You have to tell Google where you can be found

Most of these social media profiles have a field where you can link to your website. That is the first and most important step to helping search engines understand that the social media account is part of your brand.

Google now has direct access to Twitter’s data stream. Google can only crawl certain parts of public Facebook pages, and the same applies for Instagram.

For this very reason it’s important that you use the one property that you completely own (your blog) to help Google understand your whole brand and where you can be found online.

Link to your social accounts from your website

You control how much of your website Google (and other search engines) can crawl. You control where you are linking to, and from where on your site.


You control how Google interprets your brand.

You should already be linking to all of your social media profiles for your brand from your website, so that your readers can easily find those profiles.

Your “About” page on your Website is there to give your users all they need to know about you. From here you can easily link to all your social media profiles, not only for your readers, but also to help Google understand that your brand extends to those social media profiles.

But it doesn’t have to stop at your “About” page. You can also use your “Contact” page as an opportunity to help Google understand where you can be reached. Because some of your audience will prefer Twitter as a channel for communication, it would also make sense to inform your audience of all the social channels they can use to contact you.

A Webfluential profile page is a gold mine of info for Google and your audience

Your Webfluential profile page gives a lot of information about your brand and your audience. Things like your audience demographics, links to all your brand social media profiles and also a link to your Website. Google loves pages like a Webfuential profile that provide a lot of information about a search.

By simply linking to your Webfluential Profile page from your website, you will be giving Google a great resource to return relevant information for your brand. So make sure you also link to your Webfluential profile from your “About” page, your “Contact” page and even your “Advertise” page if you have one.

It’s not just about the search results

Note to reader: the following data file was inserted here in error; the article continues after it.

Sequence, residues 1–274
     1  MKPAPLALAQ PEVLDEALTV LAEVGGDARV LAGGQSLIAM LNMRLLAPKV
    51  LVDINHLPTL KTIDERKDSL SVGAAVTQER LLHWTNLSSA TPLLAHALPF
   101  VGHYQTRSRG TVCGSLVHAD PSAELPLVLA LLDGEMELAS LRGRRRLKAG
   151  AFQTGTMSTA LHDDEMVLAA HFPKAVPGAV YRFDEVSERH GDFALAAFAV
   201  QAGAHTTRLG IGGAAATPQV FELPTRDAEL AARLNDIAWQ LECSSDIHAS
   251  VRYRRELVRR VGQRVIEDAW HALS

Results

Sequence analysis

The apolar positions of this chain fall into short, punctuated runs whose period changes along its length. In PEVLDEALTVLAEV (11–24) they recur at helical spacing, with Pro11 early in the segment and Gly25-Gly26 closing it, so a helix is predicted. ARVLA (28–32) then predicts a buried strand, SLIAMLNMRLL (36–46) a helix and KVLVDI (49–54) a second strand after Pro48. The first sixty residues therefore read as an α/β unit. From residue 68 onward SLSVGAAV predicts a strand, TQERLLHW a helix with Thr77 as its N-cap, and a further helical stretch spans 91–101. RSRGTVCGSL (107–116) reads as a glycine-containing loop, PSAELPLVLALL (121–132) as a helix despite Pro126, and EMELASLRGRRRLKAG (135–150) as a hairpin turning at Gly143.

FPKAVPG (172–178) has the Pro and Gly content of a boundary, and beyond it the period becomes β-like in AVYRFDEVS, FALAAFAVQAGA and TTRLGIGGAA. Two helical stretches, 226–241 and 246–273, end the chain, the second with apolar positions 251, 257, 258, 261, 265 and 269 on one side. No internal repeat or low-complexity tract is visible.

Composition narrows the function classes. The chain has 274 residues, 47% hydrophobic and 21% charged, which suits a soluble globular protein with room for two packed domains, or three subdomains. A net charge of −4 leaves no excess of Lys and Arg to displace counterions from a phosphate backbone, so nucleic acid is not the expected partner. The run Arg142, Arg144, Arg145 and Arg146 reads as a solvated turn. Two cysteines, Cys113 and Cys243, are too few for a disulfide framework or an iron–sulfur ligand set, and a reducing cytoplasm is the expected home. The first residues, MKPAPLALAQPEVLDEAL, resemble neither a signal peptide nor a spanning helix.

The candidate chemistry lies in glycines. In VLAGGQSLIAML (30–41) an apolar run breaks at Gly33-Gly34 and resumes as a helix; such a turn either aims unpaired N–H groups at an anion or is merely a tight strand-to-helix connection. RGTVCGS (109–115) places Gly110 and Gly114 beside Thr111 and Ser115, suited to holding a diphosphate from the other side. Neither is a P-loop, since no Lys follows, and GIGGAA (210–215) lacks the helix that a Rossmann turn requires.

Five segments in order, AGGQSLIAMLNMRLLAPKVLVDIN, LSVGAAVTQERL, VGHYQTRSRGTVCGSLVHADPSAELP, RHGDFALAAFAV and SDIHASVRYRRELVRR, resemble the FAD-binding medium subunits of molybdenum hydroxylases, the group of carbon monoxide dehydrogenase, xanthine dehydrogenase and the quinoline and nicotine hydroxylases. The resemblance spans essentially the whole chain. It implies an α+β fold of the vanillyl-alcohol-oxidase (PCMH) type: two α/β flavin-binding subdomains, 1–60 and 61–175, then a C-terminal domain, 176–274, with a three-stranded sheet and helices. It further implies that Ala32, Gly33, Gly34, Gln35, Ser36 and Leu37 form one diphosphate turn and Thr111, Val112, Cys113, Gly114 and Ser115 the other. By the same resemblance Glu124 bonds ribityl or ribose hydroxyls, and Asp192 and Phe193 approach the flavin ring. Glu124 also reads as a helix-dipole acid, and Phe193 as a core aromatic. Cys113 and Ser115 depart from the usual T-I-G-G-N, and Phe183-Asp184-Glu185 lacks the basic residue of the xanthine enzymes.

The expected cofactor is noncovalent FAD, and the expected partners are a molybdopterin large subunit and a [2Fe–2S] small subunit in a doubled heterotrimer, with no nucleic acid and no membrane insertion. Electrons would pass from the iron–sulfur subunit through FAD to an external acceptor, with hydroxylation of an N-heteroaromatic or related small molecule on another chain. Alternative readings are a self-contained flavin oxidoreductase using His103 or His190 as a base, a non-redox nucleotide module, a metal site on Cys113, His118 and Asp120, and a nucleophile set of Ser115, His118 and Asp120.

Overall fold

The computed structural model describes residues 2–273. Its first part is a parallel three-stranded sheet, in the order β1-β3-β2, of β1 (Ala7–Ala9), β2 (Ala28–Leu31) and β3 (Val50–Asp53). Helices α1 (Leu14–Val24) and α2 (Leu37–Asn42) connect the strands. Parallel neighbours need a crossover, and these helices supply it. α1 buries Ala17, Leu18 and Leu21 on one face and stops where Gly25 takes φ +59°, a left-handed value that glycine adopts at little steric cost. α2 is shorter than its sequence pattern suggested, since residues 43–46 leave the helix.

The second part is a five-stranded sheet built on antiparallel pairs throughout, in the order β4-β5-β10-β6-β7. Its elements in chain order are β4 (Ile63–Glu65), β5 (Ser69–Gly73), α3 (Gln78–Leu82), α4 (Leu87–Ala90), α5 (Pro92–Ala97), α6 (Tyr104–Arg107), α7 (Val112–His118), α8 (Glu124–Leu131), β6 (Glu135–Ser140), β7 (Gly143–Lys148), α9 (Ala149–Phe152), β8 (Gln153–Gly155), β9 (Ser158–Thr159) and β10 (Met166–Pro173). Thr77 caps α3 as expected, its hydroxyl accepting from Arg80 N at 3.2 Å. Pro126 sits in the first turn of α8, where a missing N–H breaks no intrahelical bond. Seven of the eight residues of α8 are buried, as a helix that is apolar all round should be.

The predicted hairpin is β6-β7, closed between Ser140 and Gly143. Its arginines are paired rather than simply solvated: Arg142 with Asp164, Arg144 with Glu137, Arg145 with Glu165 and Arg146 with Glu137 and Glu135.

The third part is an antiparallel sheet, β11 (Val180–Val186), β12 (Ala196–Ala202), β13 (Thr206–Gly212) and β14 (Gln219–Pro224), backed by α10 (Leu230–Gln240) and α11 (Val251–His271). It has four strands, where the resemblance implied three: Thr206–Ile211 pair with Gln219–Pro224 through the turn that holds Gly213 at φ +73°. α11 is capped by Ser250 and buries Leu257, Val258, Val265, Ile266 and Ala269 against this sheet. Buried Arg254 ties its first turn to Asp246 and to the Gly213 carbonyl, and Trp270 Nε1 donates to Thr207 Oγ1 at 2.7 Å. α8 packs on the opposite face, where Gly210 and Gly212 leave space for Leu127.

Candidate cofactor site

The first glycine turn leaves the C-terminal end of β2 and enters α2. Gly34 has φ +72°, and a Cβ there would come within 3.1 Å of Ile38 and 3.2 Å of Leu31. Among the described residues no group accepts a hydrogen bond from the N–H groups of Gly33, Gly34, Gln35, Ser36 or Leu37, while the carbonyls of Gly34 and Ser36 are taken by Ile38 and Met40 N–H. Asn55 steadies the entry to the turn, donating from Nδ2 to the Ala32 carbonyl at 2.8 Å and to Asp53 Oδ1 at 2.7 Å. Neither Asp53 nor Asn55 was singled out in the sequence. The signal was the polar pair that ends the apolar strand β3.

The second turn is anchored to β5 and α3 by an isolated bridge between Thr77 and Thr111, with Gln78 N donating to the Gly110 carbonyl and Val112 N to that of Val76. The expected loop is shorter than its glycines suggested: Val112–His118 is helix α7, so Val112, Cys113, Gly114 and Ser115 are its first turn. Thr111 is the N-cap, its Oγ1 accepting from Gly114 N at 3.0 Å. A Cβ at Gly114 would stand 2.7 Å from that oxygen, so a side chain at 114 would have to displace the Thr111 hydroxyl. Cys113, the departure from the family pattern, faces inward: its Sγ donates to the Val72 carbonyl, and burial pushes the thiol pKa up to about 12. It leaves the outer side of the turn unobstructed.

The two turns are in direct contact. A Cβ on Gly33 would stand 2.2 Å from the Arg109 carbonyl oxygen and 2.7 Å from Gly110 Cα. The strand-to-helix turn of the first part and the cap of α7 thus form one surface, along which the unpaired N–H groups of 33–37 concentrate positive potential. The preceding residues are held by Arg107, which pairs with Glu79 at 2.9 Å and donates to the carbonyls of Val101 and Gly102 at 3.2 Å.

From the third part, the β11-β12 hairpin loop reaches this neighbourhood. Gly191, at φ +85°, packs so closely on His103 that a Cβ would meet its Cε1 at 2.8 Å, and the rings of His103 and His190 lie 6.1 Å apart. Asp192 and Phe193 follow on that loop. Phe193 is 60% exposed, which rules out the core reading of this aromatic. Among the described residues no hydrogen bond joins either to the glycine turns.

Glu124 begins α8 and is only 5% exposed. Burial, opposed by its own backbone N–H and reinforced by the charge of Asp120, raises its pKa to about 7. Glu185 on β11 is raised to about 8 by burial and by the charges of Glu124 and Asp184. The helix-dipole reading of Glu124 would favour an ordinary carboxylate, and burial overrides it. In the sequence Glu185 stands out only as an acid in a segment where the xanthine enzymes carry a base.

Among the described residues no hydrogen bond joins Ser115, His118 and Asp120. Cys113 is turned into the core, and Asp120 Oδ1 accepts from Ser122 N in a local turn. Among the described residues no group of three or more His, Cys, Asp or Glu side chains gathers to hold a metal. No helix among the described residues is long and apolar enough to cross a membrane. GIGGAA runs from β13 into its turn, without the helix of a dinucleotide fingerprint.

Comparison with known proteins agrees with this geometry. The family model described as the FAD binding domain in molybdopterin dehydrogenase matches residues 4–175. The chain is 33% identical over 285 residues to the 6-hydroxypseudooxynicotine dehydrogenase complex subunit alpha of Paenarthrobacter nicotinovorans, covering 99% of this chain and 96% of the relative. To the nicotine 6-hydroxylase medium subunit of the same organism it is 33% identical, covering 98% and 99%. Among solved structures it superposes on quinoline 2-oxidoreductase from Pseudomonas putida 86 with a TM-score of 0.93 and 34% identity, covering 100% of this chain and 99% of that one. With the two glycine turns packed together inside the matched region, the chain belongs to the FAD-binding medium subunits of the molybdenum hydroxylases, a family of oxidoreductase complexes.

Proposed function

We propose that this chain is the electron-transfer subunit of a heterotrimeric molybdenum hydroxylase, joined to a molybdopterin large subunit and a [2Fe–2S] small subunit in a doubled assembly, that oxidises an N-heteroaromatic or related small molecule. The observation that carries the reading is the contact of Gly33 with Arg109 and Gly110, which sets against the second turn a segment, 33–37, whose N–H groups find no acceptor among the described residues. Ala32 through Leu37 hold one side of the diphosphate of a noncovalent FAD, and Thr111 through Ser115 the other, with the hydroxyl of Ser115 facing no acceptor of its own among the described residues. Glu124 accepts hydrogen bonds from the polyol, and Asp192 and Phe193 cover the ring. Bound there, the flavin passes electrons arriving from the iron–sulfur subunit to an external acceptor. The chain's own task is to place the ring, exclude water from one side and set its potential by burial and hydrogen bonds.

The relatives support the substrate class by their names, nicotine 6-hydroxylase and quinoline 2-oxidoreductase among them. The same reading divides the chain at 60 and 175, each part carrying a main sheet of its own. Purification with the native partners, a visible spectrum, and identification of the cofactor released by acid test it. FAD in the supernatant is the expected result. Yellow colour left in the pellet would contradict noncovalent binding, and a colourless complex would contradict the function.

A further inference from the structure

You are doing a good job with your brand. You have an audience and that audience is still growing. You create cool content for your audience. Now brands and marketers want to start working with you so that they get access to your audience.

The first thing a marketer is going to to do before reaching out to you is Google your brand.

When your brand is searched it’s a sign of a strong brand if you dominate the first page of the Google results by not only showing your blog, but also all your social media profiles and your Webfluential profile.

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How remarketing gives you another chance to close the deal

September 16, 2015 9:59 am Published by

Have you ever browsed the web and felt that whatever website you visit; you see ads from the online store you visited the day before? Whether you are catching up on news on CNN or browsing Facebook pics of a friend’s holiday, ads keep popping up (like magic) with the shoes you decided were not essential. However, this is not the act of your Fairy Godmother waving her wand to ensure you have this seasons latest kicks, but it is rather part of a strategic remarketing campaign.

One of the most crucial questions for any business is “How do I attract more customers?” The corner store wants to increase foot traffic, a steakhouse wants more reservations and the online shoe shop wants to have less abandoned shopping carts. However, in the over-competitive online world, discovering a website may be easy, but leaving it is as simple as clicking a button. The more important business question in this case is “How do I get them to come back?”